The Role of Social Workers in Immigration
As social workers, it is our responsibility to provide services to marginalized populations in our communities. Among these marginalized groups, there is one in particular that can often be difficult to reach: undocumented immigrants. Unfortunately, this is a population with dire needs for the exact services social workers have to offer.
Problems Confronting Undocumented Immigrants
Undocumented immigrants are subject to a number of injustices due to their precarious status in the United States, yet most endure it to remain in this country.
Young undocumented students face a unique set of challenges. Many arrive in the United States as infants or young children, and live most of their lives here. They consider the United States to be their home, and some are unaware of their immigration status until they begin encountering roadblocks to services during their teen years, when they are prevented from applying for a driver’s license, applying to college and for financial aid, and enlisting in the military. Those who manage to bypass these hurdles face further challenges when attempt to apply for work.
As with most immigrants, undocumented individuals also contend with cultural differences and adjustments. They struggle between maintaining their native culture and practices, and adjusting and adapting to the American way of life. For adults, it’s often more difficult because they are less exposed to American culture and are more rooted in their native cultures. For children, it is much easier to adapt to American culture when they begin school and are exposed to it on a daily basis — however, this poses new challenges to the family dynamic. It’s difficult for parents to understand and come to terms with their children’s changes. They struggle with wanting their children to identify with their native culture and wanting them to successfully integrate in their new homes. Kids, at the same time, struggle with their desire to fit in, which may put them at odds with their parents’ way of life.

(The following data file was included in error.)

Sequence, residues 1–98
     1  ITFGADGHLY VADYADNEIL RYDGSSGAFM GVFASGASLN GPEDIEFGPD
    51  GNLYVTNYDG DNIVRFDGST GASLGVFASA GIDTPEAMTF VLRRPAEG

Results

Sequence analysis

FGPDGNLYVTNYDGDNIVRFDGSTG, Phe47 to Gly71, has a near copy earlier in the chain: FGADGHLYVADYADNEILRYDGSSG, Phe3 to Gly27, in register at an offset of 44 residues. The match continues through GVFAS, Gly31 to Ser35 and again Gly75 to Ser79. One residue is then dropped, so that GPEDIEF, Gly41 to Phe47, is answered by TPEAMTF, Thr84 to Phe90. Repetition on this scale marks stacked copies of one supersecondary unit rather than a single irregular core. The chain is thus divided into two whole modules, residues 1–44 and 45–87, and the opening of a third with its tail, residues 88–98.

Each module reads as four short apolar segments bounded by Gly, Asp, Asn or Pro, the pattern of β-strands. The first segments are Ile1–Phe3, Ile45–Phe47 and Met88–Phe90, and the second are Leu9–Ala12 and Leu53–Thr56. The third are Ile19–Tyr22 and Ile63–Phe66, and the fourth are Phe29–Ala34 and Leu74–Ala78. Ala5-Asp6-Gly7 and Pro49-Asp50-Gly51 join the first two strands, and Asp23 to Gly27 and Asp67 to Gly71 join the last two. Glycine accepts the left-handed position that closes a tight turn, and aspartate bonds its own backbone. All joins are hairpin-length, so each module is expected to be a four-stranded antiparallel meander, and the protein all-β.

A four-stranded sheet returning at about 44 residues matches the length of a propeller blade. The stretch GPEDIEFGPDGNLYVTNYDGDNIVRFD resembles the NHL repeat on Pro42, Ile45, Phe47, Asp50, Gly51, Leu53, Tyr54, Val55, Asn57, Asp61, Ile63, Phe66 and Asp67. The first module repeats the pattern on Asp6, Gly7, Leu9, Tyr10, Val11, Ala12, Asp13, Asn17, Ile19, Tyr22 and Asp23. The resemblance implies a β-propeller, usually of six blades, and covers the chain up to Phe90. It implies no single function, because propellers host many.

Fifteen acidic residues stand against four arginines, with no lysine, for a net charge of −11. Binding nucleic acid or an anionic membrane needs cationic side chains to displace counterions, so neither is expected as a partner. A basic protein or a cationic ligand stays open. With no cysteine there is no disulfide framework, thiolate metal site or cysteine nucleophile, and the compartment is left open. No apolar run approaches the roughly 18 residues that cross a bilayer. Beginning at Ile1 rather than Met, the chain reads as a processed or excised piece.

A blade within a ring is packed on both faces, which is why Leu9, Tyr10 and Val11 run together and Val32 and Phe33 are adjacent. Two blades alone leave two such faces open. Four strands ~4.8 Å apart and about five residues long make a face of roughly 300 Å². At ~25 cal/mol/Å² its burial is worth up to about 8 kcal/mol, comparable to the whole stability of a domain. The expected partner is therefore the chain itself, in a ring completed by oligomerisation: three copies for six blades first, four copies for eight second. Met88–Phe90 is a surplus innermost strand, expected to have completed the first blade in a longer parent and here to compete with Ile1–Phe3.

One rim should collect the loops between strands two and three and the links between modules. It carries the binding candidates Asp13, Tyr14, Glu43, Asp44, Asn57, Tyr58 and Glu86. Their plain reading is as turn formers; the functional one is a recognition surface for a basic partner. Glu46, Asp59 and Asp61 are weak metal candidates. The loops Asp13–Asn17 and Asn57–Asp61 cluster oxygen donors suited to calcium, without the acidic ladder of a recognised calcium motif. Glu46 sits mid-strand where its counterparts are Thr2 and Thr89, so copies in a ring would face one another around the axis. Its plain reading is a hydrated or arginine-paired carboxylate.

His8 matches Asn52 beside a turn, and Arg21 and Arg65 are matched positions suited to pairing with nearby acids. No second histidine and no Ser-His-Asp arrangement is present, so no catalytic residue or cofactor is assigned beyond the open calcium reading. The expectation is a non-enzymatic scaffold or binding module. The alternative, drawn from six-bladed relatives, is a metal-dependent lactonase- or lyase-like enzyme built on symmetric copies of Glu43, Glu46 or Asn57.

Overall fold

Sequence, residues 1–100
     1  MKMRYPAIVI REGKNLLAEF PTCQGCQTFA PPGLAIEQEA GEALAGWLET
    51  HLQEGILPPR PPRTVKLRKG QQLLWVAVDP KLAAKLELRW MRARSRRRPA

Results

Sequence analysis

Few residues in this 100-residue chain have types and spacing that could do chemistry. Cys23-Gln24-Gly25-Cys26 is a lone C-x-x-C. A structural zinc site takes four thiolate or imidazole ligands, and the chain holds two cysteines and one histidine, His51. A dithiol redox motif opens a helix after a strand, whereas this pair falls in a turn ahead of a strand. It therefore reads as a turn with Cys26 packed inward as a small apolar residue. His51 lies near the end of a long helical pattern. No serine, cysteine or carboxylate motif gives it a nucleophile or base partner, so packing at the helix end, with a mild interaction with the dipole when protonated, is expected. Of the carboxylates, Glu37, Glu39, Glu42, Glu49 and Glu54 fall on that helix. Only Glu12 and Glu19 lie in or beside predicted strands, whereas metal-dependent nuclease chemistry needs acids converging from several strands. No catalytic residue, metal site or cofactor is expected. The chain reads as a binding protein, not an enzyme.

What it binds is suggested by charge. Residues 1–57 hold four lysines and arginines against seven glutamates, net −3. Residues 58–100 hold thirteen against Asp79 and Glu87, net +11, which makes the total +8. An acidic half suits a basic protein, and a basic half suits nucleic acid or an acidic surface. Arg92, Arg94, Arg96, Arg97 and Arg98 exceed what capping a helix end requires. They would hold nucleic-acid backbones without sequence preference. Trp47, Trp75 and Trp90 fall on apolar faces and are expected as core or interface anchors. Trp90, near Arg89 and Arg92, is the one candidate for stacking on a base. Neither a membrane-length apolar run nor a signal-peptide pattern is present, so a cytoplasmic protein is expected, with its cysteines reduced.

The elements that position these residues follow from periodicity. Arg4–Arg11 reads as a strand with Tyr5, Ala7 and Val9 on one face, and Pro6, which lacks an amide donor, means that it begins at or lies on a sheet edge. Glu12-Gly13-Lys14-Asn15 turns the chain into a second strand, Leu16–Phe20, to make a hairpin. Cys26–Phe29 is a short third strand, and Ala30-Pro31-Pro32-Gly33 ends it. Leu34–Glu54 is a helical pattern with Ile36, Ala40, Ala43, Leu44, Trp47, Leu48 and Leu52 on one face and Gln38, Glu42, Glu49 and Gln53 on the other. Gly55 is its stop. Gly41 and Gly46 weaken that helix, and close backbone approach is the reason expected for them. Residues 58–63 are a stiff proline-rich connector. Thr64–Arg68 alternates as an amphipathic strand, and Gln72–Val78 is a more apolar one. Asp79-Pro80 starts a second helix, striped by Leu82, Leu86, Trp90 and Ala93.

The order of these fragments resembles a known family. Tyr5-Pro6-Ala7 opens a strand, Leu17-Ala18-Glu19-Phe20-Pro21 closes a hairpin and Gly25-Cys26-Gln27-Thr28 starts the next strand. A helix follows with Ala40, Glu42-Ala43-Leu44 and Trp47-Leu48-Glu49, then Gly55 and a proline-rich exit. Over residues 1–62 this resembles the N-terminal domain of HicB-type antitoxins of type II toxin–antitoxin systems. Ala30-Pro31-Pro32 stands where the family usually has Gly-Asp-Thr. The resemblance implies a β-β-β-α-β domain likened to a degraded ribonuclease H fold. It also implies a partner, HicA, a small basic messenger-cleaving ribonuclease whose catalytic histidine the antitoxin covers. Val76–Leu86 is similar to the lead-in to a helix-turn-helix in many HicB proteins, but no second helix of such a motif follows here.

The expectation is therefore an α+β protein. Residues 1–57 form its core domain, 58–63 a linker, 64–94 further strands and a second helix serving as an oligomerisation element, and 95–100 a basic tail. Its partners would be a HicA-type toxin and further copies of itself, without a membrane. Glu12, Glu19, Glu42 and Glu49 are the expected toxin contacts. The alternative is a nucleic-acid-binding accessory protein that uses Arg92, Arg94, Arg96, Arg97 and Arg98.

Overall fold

Undocumented workers also have trouble accessing health services, especially mental health services. Trauma, abuse and discrimination are common experiences among undocumented immigrants, making the need for physical and mental health services very real and immediate. Furthermore, this initial need is compounded by the additional stress and psychological damage that comes from being forced to endure abuse with no recourse.
These are just a few of the many challenges that undocumented residents currently face in the United States. Social workers can play an important role in helping this group advocate for their rights and access services by getting involved with organizations like the International Federation of Social Workers, which working to change and improve immigration policy. Social workers can also advocate for policies that help undocumented youth have access to education and citizenship. They can further contact their local immigration-based organizations to find out how they can best serve their local community and help them to get access to local resources. Simultaneously, social workers can also serve as a liaison between the immigrant community and the different public services offered in their communities to ensure that both sides understand each other, as social workers have the unique opportunity to access both sides and bring them together.